Hiring contractors has become commonplace for many organisations to fulfil both varying workloads and skill-specific requirements. In Australia, 23% or employers report engaging contract workers, of which 44% of cases are used in short-term, specialised projects. Now at the same time, the way workers wish to work is changing rapidly. The boundaries between work and everyday life is blurring, and workers are demanding more flexibility, variety and mobility. More and more it seems that a contracted, contingent workforce is the ideal win-win solution for both workers and businesses alike.

However, while there are many benefits to using contractors, be sure you are fully aware of the risks. Are you confident your contractors are insured, qualified and competent? Are they aware of the specific safety risks involved with your project or site? Can you legally consider them contractors?

By effectively preparing for the engagement of contingent workers in your business, you can enjoy the benefits while minimising the risk. The key is in managing them properly with an appropriate level of oversight.

Know the Risks of Engaging Contractors

As employers, under health and safety legislation, we have a duty to provide a safe working environment. This means eliminating or minimising any safety hazards that exist, including those introduced by your contractors.

Engaging contractors brings certain risks:

  • Minimal knowledge of your business and its safety management systems
  • No long-term commitment to your business or its vested interests
  • Not part of your company’s safety culture
  • Specialist work may not subject to the same supervision and controls
  • Often hired based on skills rather than safety practices

Just remember, you have exactly the same duty of care to protect their health and safety as you would if they were a permanent employee.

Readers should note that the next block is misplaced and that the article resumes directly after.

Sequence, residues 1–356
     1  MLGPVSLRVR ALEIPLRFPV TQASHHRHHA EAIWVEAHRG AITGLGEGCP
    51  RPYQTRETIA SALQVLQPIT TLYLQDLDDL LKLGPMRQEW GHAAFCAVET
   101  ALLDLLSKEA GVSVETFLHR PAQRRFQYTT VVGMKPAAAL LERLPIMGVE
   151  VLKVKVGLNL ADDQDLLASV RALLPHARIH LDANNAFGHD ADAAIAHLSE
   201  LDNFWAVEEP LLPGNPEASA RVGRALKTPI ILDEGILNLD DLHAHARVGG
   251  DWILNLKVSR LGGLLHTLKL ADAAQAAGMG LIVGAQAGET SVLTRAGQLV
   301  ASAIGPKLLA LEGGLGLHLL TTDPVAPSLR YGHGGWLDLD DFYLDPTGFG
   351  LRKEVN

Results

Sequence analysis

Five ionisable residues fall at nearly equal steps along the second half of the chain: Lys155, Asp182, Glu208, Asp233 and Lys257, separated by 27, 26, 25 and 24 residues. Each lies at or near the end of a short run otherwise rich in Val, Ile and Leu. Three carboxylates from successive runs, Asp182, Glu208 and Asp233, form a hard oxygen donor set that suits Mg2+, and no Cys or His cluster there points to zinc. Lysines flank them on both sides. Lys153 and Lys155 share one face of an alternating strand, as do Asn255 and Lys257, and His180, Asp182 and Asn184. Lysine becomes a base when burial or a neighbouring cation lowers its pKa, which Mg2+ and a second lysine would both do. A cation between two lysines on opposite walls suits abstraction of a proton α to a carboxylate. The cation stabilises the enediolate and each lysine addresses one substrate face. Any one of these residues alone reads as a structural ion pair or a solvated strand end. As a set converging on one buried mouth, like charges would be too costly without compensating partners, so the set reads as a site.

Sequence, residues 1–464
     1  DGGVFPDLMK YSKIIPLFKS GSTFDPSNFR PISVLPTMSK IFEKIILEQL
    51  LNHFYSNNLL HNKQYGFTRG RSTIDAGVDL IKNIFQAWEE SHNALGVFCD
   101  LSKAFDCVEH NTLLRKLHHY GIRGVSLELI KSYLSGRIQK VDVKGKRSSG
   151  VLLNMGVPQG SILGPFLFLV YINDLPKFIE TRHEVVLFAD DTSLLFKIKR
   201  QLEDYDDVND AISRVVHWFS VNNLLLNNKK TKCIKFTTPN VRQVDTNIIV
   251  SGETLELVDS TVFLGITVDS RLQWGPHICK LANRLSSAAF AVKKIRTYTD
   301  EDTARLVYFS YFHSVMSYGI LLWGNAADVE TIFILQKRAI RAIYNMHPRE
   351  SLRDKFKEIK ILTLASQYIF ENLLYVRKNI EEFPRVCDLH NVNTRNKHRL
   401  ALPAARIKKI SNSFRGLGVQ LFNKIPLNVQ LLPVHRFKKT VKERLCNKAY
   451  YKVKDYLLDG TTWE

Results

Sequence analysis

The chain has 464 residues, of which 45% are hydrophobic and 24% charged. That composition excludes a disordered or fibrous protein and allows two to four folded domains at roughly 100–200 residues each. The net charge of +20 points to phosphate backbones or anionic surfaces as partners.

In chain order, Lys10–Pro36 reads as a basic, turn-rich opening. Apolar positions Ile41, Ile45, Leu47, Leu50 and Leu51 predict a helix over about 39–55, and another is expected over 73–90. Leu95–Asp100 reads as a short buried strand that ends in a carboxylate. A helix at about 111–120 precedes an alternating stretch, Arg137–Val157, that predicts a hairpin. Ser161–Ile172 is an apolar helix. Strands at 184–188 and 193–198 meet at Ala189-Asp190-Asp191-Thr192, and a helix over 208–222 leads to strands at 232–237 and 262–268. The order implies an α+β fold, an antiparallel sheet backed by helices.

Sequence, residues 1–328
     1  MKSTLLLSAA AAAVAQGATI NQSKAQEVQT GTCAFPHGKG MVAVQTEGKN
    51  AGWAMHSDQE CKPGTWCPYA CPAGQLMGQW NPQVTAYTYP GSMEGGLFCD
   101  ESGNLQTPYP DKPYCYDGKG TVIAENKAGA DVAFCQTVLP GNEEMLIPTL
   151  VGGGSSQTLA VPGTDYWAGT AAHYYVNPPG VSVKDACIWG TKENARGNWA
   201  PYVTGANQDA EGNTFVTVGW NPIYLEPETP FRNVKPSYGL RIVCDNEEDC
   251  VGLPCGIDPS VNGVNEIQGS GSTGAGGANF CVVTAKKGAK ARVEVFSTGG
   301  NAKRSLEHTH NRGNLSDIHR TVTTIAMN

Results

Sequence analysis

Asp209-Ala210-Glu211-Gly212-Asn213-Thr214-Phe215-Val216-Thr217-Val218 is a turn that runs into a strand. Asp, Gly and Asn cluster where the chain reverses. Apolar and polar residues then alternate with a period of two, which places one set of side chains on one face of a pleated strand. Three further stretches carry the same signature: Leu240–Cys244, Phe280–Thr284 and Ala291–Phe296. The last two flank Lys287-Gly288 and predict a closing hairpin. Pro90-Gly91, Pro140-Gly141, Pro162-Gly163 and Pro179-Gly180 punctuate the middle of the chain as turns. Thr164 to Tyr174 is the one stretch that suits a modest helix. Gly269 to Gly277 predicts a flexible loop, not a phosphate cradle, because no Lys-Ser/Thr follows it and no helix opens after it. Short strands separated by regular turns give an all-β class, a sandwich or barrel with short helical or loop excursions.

Are your Contractors Insured?

No one needs reminding of the old adage of Murphy’s law, “Anything that can go wrong will go wrong”. As much as we like to think it’ll never happen to us, accidents will happen. And when they do, your business (or yourself) can become liable for the damages.

Effective contractor management involves the checking and verification of all required documentation to prove the contractor is insured, qualified and competent. Now when it comes to insurance, contractors at a minimum should have two principal types of insurance:

  1. Public Liability insurance – protects them against damages incurred on your site or project; the level of the cover will need to be balanced against the risk.
  2. Workers Compensation insurance – covers their employees, if they get injured while working on your site or project. This is compulsory across Australia for all employees and contractors should ensure both they and any subcontractors are covered.

A third insurance that should be considered is Professional Indemnity, which covers damages incurred by your business, due to the contractor providing inadequate or poor professional services.